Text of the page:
I saw a really exciting (well, to me:) article in National Geographic recently about research being done on an area of Maryland very near to me. If you click on the photo above you can go read about a rock outcropping near here that is a piece of a long ago ocean's seabed - a piece of the crust that has been thrust up to our surface by plate tectonics and is now exposed for study. Here is a picture of the geography (little tiny box shows 'us'):

Ngscience-2104-appalachian-ophiolites_primary_ai2html-desktop-smallI think I actually know where these rocks are ... but am not sure enough to find them. :) Just a bit of local news.

My days are flowing past, growing increasingly summer-like. The cicadas have emerged in my front yard as well as the rest of this area - I need to take some photos of our trees covered with spent cicada shells. :) Haven't found any wings, yet, but it is still early days. Brood X has a ways to go before it is finished with it's every-17-year emergence. Luckily I am NOT a bug phobe so I find the entire event rather exciting. :)

I have been sewing a bit but have rather less than usual to show for it. I did manage to finish making a new workbasket for myself - this is a Juniper Basket from Sew Modern Designs and I really am happy with it! I made the size large and I think I could house the knitting for an entire sweater in this. :)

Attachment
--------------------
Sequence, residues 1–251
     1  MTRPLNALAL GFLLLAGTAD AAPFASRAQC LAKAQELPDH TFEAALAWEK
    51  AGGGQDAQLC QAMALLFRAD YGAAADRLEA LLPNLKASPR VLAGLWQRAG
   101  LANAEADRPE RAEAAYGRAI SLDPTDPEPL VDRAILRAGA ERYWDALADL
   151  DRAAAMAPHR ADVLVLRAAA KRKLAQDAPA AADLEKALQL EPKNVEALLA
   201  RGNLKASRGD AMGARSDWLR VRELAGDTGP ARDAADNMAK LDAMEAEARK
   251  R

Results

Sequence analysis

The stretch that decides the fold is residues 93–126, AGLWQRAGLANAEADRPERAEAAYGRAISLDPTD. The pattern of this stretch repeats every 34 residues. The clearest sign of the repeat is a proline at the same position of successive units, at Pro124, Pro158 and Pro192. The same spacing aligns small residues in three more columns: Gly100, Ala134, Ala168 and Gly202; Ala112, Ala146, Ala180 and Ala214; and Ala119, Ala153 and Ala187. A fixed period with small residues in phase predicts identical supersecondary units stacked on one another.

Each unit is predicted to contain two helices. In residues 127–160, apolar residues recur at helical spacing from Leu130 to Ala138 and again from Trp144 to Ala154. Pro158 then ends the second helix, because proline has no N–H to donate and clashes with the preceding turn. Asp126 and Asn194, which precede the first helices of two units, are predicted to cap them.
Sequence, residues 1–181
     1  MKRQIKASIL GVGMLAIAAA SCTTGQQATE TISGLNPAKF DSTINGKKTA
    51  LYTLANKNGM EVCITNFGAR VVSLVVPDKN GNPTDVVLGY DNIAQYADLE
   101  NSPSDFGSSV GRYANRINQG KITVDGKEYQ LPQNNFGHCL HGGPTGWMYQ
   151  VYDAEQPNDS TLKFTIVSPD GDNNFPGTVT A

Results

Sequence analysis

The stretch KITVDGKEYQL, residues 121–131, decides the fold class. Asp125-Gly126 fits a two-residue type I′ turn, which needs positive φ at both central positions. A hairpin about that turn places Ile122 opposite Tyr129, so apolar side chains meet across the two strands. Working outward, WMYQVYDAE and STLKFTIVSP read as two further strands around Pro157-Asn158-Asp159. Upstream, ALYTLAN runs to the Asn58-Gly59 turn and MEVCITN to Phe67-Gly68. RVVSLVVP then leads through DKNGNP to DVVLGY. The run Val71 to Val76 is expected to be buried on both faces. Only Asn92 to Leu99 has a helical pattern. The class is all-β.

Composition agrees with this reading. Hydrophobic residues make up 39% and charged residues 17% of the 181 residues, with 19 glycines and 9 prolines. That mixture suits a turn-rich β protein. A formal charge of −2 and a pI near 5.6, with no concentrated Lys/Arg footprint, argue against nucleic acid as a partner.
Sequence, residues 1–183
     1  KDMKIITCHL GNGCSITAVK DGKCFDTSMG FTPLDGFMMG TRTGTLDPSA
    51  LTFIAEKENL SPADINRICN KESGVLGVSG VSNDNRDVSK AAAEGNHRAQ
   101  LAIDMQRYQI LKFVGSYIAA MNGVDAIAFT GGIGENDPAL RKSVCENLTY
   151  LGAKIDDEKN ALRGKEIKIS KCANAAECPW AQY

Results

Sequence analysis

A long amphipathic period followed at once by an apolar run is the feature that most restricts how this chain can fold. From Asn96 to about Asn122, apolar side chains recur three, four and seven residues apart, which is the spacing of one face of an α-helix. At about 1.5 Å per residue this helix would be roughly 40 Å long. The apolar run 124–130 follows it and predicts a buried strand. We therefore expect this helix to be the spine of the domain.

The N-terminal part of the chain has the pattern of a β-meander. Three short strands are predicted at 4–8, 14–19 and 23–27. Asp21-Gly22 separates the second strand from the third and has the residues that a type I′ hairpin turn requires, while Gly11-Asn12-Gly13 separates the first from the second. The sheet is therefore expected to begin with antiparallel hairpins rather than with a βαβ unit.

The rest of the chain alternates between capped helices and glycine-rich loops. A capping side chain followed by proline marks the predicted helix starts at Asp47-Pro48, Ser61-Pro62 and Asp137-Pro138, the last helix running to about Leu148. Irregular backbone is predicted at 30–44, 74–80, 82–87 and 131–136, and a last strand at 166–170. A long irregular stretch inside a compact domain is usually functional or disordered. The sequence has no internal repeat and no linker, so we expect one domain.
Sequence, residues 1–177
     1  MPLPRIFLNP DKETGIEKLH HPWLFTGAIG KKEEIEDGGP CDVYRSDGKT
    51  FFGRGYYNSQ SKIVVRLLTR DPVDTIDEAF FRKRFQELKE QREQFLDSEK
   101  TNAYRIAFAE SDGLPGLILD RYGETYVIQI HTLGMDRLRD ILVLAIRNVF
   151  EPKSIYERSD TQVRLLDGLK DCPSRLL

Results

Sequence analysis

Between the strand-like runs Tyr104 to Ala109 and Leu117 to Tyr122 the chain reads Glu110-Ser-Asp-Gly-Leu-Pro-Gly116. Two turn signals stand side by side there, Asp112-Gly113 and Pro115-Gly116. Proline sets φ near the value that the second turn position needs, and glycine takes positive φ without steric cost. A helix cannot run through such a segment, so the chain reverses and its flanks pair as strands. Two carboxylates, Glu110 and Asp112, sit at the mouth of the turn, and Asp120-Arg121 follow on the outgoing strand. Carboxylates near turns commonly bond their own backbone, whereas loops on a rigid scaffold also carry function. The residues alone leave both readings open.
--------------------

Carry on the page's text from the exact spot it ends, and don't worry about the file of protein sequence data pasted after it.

Juniper2I only had enough of that sewing machine fabric to make one side of the basket (my last precious bit:) so the other side is a remnant of the canvas I used to make my Sandhill Sling. Notice that there is an external (inset zipper) pocket and an internal pocket (simple slip in).

Remember I showed you my avatar and the first (unfinished) block of my self-portrait in fabric for the Grad Class swap? I've made progress and finished my blocks through May to be mailed off. Here is a representative sampling of them (I ended up free-hand drawing the features because my hand shakes too much to trace them).

Lindamay2I'm sure you can see the variations in features ... none of which actually look like me, of course, but realism was not the goal with this project. (thankfully!) :)

I also finished the embroidery for my next Halloween block from Crabapple Hill. I LOVE this raven:

RavenI think his ruff is hysterical - and very a propos. :) I think he should be named Nevermore. :)

I went in search of some brainless sewing to do today and found a roll of 1.5" strips from the Cider collection by Basic Grey for Moda. I decided to make quarter-square log cabins with it ... happy sewing! :)

:) Linda